I wasn't in on the inner workings of it all, but I wonder if Franklin Graham called up World Vision and said "so tell me about this - why did you make this decision" before posting his scathing rebuttal? If Al Mohler had his people contact the people at WV and say "could we meet? I'd like to understand what you're doing." If the leadership at the Assemblies of God (who encouraged their membership to slowly stop supporting WV) made any attempts to listen to the leadership at WV? If any of the 2,000 people (or was it 4,000? Or 5,000? I've heard various reports)** who instantly called and cancelled their support made any attempt to really listen and understand why WV did what they did?

The response I saw certainly couldn't be categorized as "approaching one another with an attitude of good will." Instead it was more akin to "this is the end of Western Civilization and WV has just sounded the death knell of all things Christian."

I know there are Big Issues that need to be worked through, but I find more often than not my concern isn't so much the issue, but how we work through these issues. After all, Jesus said the world would know we were his disciples by the love we have for one another. Instead, so many jumped on Facebook and Twitter to denounce, condemn, pounce, and judge, and the world just laughed at us (or shook their heads in disbelief and said "see - that's why I'm not a Christian.")

Here's my little part of trying to make the Church healthier. Can we please learn to give each other some FLAC, and stop with the judgment and condemnation already? The hysteria isn't good for the Kingdom, and will never help resolve any of these issues. Please. Let's learn to give each other some FLAC, living as Christ commanded as we love our God and love our neighbor.

*The sad thing is that, while I wouldn't expect any of these Christian leaders/spokespeople to know anything about Lakebay's relational covenant, the principles are right there in scripture. Maybe Al and Franklin didn't know about giving people FLAC, but they certainly know the words of Jesus and Paul, which encourage us time and again to act in love and compassion and understanding and unity, and to "judge with right judgement," which doesn't include press releases denouncing decisions we have yet to fully understand.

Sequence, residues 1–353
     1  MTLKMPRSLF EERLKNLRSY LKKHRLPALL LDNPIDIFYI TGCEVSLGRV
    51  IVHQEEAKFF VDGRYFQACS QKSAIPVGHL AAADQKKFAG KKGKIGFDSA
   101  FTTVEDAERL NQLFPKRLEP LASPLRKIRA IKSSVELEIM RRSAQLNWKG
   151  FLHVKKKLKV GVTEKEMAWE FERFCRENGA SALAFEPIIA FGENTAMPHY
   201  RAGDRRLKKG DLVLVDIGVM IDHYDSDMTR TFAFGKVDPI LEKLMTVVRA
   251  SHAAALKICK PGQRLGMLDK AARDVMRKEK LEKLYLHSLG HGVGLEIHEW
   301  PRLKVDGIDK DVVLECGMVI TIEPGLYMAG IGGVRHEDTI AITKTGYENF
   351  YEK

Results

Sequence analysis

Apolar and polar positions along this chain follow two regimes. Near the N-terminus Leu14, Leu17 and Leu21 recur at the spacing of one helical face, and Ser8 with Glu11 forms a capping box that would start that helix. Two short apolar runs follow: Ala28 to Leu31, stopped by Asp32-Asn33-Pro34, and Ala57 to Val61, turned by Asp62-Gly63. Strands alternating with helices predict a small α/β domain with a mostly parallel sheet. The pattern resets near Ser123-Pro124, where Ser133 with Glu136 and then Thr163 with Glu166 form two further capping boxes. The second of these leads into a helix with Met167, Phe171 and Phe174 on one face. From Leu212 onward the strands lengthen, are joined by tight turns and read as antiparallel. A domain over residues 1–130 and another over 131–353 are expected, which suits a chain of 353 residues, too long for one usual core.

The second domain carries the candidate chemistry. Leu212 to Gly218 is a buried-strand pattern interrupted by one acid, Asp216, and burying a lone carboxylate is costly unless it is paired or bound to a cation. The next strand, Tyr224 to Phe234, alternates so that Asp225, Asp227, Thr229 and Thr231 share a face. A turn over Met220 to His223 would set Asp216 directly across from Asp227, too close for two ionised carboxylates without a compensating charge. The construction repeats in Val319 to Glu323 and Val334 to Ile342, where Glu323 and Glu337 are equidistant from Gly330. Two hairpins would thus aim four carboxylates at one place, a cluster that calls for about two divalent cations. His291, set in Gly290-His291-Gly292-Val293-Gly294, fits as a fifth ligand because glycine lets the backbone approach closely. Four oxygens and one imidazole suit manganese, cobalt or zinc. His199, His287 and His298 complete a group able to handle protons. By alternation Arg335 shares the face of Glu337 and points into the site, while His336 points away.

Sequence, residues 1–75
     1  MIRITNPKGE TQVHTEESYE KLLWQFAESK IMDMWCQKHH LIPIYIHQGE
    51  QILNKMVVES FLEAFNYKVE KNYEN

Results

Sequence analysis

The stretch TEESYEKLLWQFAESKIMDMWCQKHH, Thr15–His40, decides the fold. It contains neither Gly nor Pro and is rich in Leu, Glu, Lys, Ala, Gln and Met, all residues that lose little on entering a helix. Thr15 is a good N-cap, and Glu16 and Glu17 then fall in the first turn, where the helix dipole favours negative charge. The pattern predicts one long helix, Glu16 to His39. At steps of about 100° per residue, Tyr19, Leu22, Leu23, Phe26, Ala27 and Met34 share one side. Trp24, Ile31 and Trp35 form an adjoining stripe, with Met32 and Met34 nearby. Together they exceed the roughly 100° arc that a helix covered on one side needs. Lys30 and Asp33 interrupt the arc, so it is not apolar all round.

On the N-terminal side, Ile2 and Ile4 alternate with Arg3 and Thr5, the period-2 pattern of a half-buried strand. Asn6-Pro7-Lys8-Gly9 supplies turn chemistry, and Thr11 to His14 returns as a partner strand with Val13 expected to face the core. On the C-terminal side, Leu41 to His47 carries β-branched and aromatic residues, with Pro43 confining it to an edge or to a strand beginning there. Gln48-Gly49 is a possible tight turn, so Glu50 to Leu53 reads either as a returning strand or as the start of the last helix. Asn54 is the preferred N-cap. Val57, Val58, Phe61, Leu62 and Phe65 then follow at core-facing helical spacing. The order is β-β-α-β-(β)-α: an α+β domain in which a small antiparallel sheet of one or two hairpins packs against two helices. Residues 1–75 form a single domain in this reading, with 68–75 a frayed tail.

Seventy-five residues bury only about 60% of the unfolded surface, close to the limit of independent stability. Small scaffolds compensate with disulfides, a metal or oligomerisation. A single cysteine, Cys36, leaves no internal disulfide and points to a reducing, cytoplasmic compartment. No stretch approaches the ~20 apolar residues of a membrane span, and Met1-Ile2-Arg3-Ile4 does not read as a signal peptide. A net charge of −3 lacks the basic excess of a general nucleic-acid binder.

** Update: Various sources are reporting today (4/3/14) that it was actually closer to 10,000 kids who've lost their sponsors. I can't imagine Jesus being proud of all those people who displayed their offense by abandoning hungry children.

Friday, February 21, 2014

If you're looking from something new to watch

I've currently been working my way (via Netflix) through the Canadian TV series Flashpoint, a police drama telling the story of Greg Parker and the SRU (Strategic Response Unit), a SWAT-like team of highly trained officers proficient in everything from sniping to forced entry to computer hacking.

There are enough guns and car chases and evil bad guys and complicated good guys to make any lover of cop dramas happy (and to make the anabaptist in me just a little nervous), but there's one thing that sets this show apart - and is probably the reason I've come to enjoy it.

Unlike most police dramas (be they TV or bigsceen), in Flashpoint, violence is used only as a last resort. Flashpoint focuses on the psychological aspects of criminal behavior, and thus paints a more nuanced view of the Bad Guys. Rather than just being one-dimensional super-evil people, most of the criminals in this show have other issues that lead to their behavior. Parents trying to save sick children, young men with psychological issues, broken people simply trying to make sense of a painful world - their stories are fleshed out in ways you rarely see in American police dramas. And because of that, the SRU crew usually find ways to get through to said perpetrators, talking them down peacefully rather than using superior firepower to win the day.

In other words, unlike most police/military shows wherein the day is won by the good guys because the good guys have better and bigger weapons, which they inevitably use to blow away the bad guys, in Flashpoint the SRU crew find ways to understand and reach out to the bad guys, using things like empathy and understanding to diffuse the situation and bring peace at the end of the day.

Not every time, mind you. Like with real life, sometimes the bad guys just won't go down nicely, and lethal force is required.

But usually.

And so you're left with the message that: